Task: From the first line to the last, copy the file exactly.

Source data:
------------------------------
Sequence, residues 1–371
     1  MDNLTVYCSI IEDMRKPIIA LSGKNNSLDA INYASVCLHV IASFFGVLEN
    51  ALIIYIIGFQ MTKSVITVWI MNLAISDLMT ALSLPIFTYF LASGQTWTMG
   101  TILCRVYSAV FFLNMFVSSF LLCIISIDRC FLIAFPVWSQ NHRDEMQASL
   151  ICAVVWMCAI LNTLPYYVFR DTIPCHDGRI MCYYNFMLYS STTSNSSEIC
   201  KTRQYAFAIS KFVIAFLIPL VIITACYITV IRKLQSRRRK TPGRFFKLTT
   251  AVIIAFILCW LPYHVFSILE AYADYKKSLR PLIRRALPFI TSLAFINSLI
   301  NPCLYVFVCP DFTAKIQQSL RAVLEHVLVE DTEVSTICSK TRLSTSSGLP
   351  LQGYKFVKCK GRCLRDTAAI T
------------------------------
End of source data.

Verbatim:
Sequence, residues 1–371
     1  MDNLTVYCSI IEDMRKPIIA LSGKNNSLDA INYASVCLHV IASFFGVLEN
    51  ALIIYIIGFQ MTKSVITVWI MNLAISDLMT ALSLPIFTYF LASGQTWTMG
   101  TILCRVYSAV FFLNMFVSSF LLCIISIDRC FLIAFPVWSQ NHRDEMQASL
   151  ICAVVWMCAI LNTLPYYVFR DTIPCHDGRI MCYYNFMLYS STTSNSSEIC
   201  KTRQYAFAIS KFVIAFLIPL VIITACYITV IRKLQSRRRK TPGRFFKLTT
   251  AVIIAFILCW LPYHVFSILE AYADYKKSLR PLIRRALPFI TSLAFINSLI
   301  NPCLYVFVCP DFTAKIQQSL RAVLEHVLVE DTEVSTICSK TRLSTSSGLP
   351  LQGYKFVKCK GRCLRDTAAI T